"I love singing other people's songs that I've always loved to listen to, which in the case of Joni Mitchell, is my number one artist," Khan reveals. "We called in Tony and got busy going back to the past, plus had Mary J. in on a new song she wrote, and Michael McDonald for another oldie. In those cases, we recorded the parts in separate studios, but that's how it is nowadays- artists are rarely, if ever, in the same studio at the same time!"
The topic of modern day recording techniques also provokes Chaka's thoughts on the music industry in general. Outside of all the technological aspects and format shifts (from physical to digital), she's most upset about marketing often times overpowering artistry. "It's seriously gone crazy now that everybody and their mother is in the music business," she vents. "The competition is extremely high, the talent is extremely low and I don't believe a lot of it because it lacks sincerity. There are certainly some exceptions with the right intent who are really kicking booty, but a lot of people enter music for the wrong reasons. They're using too much technology and people can't do a live show to save their lives! Rappers are just yelling or talking and musicians can't reproduce what they're playing on CD in concert. I'm old school Chicago and [recreating the studio on stage] is what we do. It's as natural for me as sleep!"
That attitude has not only built up Khan's longevity, but also endeared her to several younger stars, from the aforementioned Purple One to Whitney Houston (whose version of "I'm Every Woman" stormed the charts throughout the early 90s). Of course, no mention of her influence could be complete without mentioning fellow hometowner Kanye West, who sampled the power ballad "Through the Fire" within his own "Through the Wire" in 2003.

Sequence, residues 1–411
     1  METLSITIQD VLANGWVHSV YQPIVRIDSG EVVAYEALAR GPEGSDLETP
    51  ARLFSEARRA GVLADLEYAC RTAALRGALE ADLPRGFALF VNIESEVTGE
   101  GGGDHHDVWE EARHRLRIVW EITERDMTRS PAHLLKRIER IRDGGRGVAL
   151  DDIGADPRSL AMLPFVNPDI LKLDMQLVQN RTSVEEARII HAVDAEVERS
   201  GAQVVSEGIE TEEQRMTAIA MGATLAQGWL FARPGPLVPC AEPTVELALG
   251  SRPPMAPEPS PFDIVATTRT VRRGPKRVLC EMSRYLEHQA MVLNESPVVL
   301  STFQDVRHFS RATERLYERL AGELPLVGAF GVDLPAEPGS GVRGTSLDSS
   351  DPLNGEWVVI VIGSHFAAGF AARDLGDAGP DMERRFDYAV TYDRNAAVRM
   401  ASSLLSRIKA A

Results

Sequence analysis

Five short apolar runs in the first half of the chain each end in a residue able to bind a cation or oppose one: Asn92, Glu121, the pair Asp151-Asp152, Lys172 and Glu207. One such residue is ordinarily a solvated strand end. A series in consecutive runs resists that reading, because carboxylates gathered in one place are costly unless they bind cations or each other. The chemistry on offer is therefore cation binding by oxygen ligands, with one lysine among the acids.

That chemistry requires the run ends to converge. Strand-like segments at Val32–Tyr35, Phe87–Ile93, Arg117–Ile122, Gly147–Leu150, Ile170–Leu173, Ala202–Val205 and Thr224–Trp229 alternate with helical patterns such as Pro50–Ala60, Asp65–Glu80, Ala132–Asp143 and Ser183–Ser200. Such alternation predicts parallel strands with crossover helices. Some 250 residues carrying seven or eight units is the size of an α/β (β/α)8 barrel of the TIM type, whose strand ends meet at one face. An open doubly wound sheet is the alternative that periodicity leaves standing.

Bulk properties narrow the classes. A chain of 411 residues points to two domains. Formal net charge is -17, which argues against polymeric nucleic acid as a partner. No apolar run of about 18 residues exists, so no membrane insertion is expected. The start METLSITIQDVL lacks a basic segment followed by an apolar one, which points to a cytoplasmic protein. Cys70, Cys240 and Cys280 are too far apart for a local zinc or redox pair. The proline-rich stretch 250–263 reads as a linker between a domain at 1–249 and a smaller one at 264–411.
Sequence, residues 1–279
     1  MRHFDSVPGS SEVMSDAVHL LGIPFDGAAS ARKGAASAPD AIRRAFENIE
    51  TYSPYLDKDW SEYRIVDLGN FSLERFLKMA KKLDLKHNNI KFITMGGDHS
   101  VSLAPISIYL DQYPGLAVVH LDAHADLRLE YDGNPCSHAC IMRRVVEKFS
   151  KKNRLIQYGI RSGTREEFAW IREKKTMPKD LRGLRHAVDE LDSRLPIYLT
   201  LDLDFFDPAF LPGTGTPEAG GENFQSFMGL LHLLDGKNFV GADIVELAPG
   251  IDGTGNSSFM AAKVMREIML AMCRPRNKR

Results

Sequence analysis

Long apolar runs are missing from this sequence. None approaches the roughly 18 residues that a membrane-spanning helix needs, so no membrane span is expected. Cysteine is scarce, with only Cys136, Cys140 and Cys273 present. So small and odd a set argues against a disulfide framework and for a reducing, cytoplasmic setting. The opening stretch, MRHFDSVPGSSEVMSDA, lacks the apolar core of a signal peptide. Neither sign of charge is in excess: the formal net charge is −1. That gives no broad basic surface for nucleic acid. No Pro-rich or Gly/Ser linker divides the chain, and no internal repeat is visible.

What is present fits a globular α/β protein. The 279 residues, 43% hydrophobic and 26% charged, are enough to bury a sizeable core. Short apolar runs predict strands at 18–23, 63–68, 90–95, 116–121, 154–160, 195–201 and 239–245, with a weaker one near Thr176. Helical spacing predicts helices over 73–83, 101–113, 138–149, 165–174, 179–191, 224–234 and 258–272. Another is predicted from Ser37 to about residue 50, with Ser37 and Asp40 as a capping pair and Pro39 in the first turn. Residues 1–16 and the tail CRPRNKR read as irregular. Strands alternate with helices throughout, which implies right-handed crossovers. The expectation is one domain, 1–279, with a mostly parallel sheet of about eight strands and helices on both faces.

"I didn't expect [Kanye] to do my voice at 5,000 rpms, but otherwise it's great and I'm honored," she offers. "He told me a story about how my song helped him recover in the hospital after his accident and that really moved me. Prince is like working with myself because we're such kindred spirits. He's a very sweet and loving person that's also shy and very misunderstood- a genius too! And Whitney used to sing background for me with her mom [Cissy Houston] and she did a brilliant job on 'I'm Every Woman.' She's going through a life crisis right now, but she's going to come out of it. [The media] needs to let her get it past that and let it be a private walk- everybody deserves that."
Though Khan's in a very positive personal and emotional place right now, she asserts the material on Funk This could give troubled listeners an ample dose of empowerment and encouragement. Her self-penned "Superlife" is all about making the most of every opportunity and not letting life's problems lead to complete defeat, while "Disrespectful" is about getting on the right side of a relationship.
Even with her highly storied and decorated career thus far (which includes eight Grammy Awards, four American Music Awards, and a 2006 BET "Lifetime Achievement Award"), the multi-faceted star remains remarkably humble while saluting her Midwest upbringing. "Chicago was the training grounds for me and introduced me to a mixed genre of people, music, and art that was a very good preparation for the world at large," she explains, also suggesting a low key lifestyle keeps her down to earth. "I don't listen to the radio or music at home, just in the car where I have Joni Mitchell and Miles Davis right now. When I finish a show, I leave the building and go try to catch an episode of "CSI" or something. I sleep a lot and hibernate a lot. I have two grandchildren, who I entertain when I'm not working, and I don't go out and party!"